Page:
The Fossil History of Australia

Paleozoic Era - Carboniferous Period

(from the Latin meaning coal-bearing)

(354 to 286 million years ago)

Significant southward movement of the Gondwana supercontinent during the Carboniferous period positioned Australia very close to the South Polar regions, and the area experienced cooling and another ice age towards the end of this time. A quite different climate was experienced from the land in the Northern hemisphere, which was warm during this time.

Generally, this change in climate was beginning to have devastating effect on life on the land, now "down-under". There was less diversity of the plant life, although some new varieties, mostly low-growing plants, still appeared at this time. These were mainly found around the coast or near inland water.

No traces of amphibians have been found in Australia during this period, although they were common in the north, particularly the North American area. Limited traces of insects have been found in Australia dating back to this period.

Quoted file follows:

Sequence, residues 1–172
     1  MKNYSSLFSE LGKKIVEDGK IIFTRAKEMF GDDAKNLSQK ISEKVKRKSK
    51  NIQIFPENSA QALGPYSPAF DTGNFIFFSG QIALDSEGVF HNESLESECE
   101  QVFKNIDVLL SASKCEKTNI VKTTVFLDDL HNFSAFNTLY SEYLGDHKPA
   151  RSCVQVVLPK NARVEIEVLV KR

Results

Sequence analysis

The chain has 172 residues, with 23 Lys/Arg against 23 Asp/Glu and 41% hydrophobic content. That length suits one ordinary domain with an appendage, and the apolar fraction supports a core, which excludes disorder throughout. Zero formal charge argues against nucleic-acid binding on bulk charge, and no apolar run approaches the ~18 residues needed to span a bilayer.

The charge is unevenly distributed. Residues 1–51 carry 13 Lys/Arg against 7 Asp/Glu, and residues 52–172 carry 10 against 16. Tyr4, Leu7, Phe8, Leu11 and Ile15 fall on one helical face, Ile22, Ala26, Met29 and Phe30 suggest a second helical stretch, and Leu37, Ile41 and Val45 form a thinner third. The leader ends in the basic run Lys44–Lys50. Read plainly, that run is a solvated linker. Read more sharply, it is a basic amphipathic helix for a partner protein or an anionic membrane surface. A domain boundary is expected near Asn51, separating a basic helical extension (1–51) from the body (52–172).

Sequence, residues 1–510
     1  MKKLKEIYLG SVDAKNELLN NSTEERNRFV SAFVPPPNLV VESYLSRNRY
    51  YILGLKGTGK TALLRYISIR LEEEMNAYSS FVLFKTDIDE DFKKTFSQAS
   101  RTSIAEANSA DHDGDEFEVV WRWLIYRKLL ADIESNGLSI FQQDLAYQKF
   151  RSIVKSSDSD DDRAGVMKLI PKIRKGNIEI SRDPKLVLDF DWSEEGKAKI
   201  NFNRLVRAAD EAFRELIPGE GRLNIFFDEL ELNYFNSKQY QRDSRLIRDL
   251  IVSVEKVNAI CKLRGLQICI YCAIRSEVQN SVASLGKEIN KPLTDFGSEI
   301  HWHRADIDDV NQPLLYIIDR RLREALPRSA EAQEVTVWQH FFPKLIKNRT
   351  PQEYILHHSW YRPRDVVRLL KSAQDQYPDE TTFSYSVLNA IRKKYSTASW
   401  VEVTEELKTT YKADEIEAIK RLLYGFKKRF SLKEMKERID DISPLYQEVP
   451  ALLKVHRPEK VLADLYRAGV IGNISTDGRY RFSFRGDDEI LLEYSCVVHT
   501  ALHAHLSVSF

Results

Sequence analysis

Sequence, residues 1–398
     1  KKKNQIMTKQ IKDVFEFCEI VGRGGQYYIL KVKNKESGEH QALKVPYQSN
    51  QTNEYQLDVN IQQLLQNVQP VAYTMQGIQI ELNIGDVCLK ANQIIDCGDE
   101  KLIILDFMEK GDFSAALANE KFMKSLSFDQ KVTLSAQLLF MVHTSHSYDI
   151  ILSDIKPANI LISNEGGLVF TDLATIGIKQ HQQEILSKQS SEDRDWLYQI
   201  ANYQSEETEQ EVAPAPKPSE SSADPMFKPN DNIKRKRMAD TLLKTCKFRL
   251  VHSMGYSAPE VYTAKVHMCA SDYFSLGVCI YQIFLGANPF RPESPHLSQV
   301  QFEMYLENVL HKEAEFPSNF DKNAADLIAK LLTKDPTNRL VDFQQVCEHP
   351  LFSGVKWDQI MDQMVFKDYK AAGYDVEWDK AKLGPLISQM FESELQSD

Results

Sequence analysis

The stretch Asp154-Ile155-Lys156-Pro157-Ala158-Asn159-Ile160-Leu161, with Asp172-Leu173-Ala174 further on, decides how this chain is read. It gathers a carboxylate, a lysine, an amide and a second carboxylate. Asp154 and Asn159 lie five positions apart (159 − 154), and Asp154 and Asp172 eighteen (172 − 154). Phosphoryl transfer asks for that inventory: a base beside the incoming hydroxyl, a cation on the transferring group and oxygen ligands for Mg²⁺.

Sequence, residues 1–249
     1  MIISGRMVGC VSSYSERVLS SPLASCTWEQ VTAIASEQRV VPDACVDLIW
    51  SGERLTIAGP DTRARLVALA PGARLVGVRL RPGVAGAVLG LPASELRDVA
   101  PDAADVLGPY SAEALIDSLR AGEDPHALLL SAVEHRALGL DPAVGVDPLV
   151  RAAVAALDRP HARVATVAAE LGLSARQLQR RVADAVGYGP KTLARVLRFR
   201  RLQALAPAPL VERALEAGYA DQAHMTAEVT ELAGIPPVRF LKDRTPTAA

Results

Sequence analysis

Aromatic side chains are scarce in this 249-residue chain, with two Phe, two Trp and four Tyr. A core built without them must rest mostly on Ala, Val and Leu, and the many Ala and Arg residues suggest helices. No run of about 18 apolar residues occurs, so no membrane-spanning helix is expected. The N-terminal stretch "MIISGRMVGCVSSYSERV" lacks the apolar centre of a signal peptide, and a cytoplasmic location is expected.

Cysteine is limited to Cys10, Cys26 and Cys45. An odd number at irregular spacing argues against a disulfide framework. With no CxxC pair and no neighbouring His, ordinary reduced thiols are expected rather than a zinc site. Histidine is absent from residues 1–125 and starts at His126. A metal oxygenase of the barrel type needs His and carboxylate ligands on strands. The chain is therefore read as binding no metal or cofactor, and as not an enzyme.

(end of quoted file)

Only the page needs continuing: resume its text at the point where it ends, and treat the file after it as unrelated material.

Marine life was still abundant, although trilobites were still declining, possibly due to an increase in carnivorous fish. Sharks also evolved, with numerous fossil remains found from this time. Some of the teeth found are similar to those found in sharks today.

Brachiopods, bivalves and crinoids all flourished in the seas around Australia during the Carboniferous period. Some corals are also found from this time, although they were not as abundant as in previous times.

Bivalve mollusc

The Carboniferous period was a period of transition and instability, with many volcanoes were active during this time. The remains of these may be seen around the Newcastle area in New South Wales. Towards the end of the period, Australia was heading into a very deep ice age and a more stable time.



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